Sunday, June 27, 2010

Sculptris

I've tried several different sculpting/modeling programs. Z-Brush, Mudbox, etc. They all were really clunky for me and I was never able to get them to play nice with my animator brain. No matter how hard I tried I always just made tumors. Something about those programs was just.... I dunno. Not something I could handle.

Then I'd heard about this small, free sculpting tool called Sculptris. The price was right so I figured, what the heck? I'll try it. And wow!-- It is easy and super friendly to use. The interface is extremely slim and unintimidating. The program isn't bogged down with a million different modes or tools. There are maybe 8-10 different hot-keys and two modes- sculpting and painting. And that's pretty much it. I was impressed with how it automatically adds tessellation when the sculpting needs it and you don't even need to think about how that works. It just does it. But it also lets you paint to reduce the topology if the mesh gets to be too dense to deal with. You'd still need to re-topologize the model to get a rig-able/animatable mesh from this, but then you need to do that with the other more expensive tools, too. Here's the first character head I made with Sculptris. I whipped this up in a couple hours today....



And a screen grab of the entire interface. This is literally it- no other windows, menus or tabs. Simplicity personified....


I had an absolute blast making this. (I wish CG animation was as simple and fun) It's not a great sculpt, but then I harbor no delusions of grandeur regarding my sculpting skills. But for someone who has never been able to make anything more than a lumpy potato in Z-brush or Mudbox, I think this is a bit of a breakthrough. If you've tried the other sculpting tools and felt overwhelmed by them, maybe you should give Sculptris a go. At a slim 3.2 mb download it's smaller than an MP3 from iTunes. And you can't beat the price (there is a donation button on the site, though. For something so cool I just had to drop them a little cash).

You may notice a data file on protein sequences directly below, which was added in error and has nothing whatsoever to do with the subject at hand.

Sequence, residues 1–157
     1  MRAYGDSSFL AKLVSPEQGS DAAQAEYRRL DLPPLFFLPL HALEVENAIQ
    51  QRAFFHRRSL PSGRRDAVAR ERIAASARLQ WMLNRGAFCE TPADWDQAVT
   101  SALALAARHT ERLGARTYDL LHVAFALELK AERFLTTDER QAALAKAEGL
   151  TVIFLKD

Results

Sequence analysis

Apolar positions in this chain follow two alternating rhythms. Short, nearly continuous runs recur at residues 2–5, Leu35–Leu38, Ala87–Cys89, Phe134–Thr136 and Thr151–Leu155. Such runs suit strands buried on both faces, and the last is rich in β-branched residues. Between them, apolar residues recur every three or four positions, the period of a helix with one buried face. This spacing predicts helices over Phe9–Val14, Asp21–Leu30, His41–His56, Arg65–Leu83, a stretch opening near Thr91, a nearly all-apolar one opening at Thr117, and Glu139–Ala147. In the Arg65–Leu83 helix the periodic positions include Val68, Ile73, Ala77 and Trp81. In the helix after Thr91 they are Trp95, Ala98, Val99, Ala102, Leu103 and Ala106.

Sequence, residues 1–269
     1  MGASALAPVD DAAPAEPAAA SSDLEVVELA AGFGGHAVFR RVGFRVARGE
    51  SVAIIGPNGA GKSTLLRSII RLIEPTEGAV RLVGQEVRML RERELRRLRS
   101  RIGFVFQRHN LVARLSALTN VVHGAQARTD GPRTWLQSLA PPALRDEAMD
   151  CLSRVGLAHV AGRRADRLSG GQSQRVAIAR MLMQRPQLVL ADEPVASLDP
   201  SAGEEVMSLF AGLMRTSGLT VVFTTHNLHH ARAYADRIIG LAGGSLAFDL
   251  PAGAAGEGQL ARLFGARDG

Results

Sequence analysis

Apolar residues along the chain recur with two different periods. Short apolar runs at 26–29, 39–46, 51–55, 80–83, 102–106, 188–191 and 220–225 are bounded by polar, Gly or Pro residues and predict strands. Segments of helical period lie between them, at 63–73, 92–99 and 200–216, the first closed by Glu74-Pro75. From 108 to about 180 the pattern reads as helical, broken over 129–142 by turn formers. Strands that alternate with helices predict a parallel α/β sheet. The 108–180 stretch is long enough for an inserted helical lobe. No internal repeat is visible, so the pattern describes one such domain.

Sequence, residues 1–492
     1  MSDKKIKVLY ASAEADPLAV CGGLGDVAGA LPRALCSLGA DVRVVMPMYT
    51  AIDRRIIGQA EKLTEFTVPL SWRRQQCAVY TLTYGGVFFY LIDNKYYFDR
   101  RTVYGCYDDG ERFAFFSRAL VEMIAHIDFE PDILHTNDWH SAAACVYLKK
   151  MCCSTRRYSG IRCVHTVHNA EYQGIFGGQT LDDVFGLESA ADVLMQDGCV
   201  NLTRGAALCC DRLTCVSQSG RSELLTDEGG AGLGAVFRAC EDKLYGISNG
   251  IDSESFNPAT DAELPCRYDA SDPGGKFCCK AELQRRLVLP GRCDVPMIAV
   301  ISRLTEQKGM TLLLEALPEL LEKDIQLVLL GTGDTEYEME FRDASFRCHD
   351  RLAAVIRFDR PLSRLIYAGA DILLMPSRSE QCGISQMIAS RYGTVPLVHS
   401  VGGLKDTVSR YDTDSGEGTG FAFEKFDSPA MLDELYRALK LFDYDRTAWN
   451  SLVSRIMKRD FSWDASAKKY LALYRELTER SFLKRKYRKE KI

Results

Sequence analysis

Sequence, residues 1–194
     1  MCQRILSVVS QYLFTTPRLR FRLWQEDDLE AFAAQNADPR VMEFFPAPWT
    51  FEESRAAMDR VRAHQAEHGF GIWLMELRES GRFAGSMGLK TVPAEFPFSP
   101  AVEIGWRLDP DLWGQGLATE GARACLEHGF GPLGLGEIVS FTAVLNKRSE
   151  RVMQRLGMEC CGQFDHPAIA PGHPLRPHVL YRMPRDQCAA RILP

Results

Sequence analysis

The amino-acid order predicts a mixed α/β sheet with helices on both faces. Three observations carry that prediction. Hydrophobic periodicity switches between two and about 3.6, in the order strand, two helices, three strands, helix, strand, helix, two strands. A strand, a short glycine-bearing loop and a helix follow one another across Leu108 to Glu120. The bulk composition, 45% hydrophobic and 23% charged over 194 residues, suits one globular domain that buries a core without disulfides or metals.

16 comments:

lowlight said...

Right on! I'm glad you found something that works for you in this regard...although I personally like lumpy potatoes myself...

Herman G said...

Impressive Keith, great sculpt. Same issue with those programs as well, will try this out. Thanks

mattanimation said...

yeah I tried this out a couple week ago at work and it was really quick and actually fun to make stuff, the down side from a technical standpoint is the way it smoothes out in tris and not quads, but if your just sculpting for fun this beats the big boys hands down with how easy it is. plus the dude made it during a summer break! insane

Martin J said...

Thank you Keith for letting me know about this application. Like you, I find Zbrush and Mudbox too be "too much" and this is just what I needed for simple sculpting on my characters :)

Thanks again and I hope the guy who developed this application gets the credit he deserves.

The 3D-Freelancer said...

Gave Zbrush a go a while back and felt much the same as you. might just go back to the drawing board and try this. Have tonnes of traditional art pieces i'd love to turn into 3D.

Jais Bredsted said...

Looks great. Maybe one should have a look at that Sculptris.

Anh Trinh said...

Awesome! Thanks Keith! I'll give it a shot.

JP said...